Toxic Talc in Your Make-up

I don't remember exactly when I ascended from just mascara and eyeliner to full-on face makeup. I woke up one day and I was horrified to see my face ravaged by zits and uneven skin tone and so with decisive action, I dove head first into the world of face powders.
As I stood in front of my bathroom mirror, a big brush dipped in powder in my hand, I took a deep breath and held it. Then I started dusting the powder all over my face. I stopped holding my breath at a very critical moment and before I realized what was happening, I was inhaling a load of translucent powder and sneezing like a madwoman. Then I thought: "Well...this can't be good for me." I was right. Like many other people, I was oblivious of Talc, a carcinogenic ingredient commonly used in cosmetics that leads to lung problems and may be a cause in lung and ovarian cancer. I was inhaling poison.




What is talc?
Talc is a mineral that is processed from talc rocks. The processing does not remove the tiny fibers in talc which are very similar to asbestos, a recognized deadly carcinogen.


An excerpt from Wikipedia says: 
"Several studies have established preliminary links between talc and pulmonary issues,[6] lung cancer,[7][8] skin cancer and ovarian cancer.[9] This is a major concern considering talc's widespread commercial and household use. In 1993, a US National Toxicology Program report found that cosmetic grade talc caused tumours in rats (animal testing) forced to inhale talc for 6 hours a day, five days a week over at least 113 weeks, even though it contained no asbestos-like fibres.[7] Scientists have been aware of the toxicity of talc since the late 1960s, and in 1971 researchers found particles of talc embedded in 75% of the ovarian tumors studied.[10]"

Although the article goes on to say that the FDA considers talc that does not contain potentially carcinogenic abestiform amphibole fibers to be generally safe,  cosmetic grade talc however, remains non-regulated by the federal government to this day. 

Why does the cosmetics industry still use talc in their products when they know that it is harmful? Duh, it's cheap and plentiful. 

What should you do about it then? The solution is very simple.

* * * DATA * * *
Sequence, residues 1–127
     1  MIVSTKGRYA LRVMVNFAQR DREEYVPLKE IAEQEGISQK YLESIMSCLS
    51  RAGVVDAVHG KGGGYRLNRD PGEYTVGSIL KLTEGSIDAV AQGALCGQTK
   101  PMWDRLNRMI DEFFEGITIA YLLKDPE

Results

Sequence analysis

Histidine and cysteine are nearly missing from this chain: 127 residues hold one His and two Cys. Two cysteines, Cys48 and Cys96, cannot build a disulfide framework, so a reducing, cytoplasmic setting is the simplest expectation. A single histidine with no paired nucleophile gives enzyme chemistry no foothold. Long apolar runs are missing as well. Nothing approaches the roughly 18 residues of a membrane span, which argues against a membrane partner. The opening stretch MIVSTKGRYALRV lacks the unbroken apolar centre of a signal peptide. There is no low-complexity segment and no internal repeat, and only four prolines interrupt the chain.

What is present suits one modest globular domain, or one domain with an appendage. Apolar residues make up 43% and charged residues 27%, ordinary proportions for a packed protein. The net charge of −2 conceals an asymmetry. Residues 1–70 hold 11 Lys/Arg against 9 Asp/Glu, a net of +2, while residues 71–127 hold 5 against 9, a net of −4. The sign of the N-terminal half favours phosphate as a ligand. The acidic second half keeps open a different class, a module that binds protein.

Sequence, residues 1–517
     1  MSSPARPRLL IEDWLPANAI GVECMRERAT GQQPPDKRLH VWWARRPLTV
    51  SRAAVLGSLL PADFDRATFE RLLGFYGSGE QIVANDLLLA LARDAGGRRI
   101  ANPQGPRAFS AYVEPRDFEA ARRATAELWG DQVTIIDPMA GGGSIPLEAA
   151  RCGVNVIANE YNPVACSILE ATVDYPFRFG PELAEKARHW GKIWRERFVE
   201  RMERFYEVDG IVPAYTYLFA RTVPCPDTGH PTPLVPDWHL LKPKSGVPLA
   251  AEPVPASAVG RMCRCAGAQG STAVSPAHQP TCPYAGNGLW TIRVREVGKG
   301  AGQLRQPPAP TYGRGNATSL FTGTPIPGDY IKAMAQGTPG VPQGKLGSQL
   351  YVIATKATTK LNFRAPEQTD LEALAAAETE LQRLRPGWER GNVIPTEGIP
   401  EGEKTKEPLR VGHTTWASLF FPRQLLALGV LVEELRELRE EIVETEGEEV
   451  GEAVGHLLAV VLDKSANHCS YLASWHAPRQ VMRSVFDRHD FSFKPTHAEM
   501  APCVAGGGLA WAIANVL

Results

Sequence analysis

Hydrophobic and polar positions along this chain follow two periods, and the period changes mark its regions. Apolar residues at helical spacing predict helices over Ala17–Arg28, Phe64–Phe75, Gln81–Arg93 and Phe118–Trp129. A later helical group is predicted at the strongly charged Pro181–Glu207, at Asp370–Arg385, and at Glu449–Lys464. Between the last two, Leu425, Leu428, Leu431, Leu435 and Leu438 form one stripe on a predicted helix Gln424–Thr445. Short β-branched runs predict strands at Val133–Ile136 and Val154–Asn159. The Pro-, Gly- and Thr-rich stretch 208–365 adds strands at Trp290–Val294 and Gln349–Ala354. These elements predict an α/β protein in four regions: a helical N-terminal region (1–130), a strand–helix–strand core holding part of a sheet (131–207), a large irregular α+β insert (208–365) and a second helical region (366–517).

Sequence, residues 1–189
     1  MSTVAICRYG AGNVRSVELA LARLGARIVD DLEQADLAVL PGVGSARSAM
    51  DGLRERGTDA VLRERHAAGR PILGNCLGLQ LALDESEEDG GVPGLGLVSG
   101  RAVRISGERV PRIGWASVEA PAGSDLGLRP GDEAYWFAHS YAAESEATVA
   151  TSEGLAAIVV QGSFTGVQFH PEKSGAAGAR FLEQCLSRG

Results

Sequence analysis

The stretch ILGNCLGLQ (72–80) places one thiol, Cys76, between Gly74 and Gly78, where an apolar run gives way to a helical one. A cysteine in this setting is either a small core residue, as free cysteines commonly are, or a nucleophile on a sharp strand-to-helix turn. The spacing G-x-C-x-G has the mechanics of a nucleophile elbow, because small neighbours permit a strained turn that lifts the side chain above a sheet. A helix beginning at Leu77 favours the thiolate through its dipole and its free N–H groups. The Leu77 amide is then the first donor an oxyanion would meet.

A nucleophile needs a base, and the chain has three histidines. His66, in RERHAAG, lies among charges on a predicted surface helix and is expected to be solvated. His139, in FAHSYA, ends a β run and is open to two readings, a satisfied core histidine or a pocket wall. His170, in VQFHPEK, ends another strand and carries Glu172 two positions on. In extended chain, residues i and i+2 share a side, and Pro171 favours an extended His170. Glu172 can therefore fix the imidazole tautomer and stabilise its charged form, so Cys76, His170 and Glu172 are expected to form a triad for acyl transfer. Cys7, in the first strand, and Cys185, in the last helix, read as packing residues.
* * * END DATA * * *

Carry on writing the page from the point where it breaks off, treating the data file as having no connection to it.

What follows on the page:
READ the ingredients list the next time you buy face powders, powder blush, powder bronzers, body shimmer powders, etc. Although a product may claim to be "pure" or "natural" or "mineral-based", it may still contain iffy ingredients such as talc. 
Many companies today are aware of the talc problem and are moving towards change. Physician's Formula already has had a "talc-free" line of cosmetics for a long time and having used their talc-free loose powder before, I must say they produce good quality products at very reasonable prices. I will also talk about another brand of natural mineral make-up that I'm using in an later post.

The following link leads to the Cancer Prevention Coalition site and contains further information on the toxicity of talc http://www.preventcancer.com/consumers/cosmetics/talc.htm


4 comments:

  1. Anonymous Says:

    i tried physician's formula...cuz it's claimed to be so natural....but i can't stand the smell...smells like pooop...:P

    Posted on February 28, 2010 at 8:04 AM  

    Sisi Says:

    realli? the powder?! I gotta smell it again :P

    Posted on February 28, 2010 at 7:52 PM  

    Anonymous Says:

    lol, yes, i have the powdered bronzer
    for some reason, i can't leave comments nonanonymously...

    Posted on March 2, 2010 at 7:52 AM  

    Sisi Says:

    if u look below the comment box there's the "comment as" selection bar. Try clicking on "Name/URL" and a new box should pop up for u to leave ur name and blog address on there. If u haf a google acct u can also sign in on google and leave comment that way. If the box is not appearing wen u click other options perhaps iz a browser problem? I hope this helps...altho i'm not very computer savvy...haha

    Posted on March 2, 2010 at 10:04 AM  

Post a Comment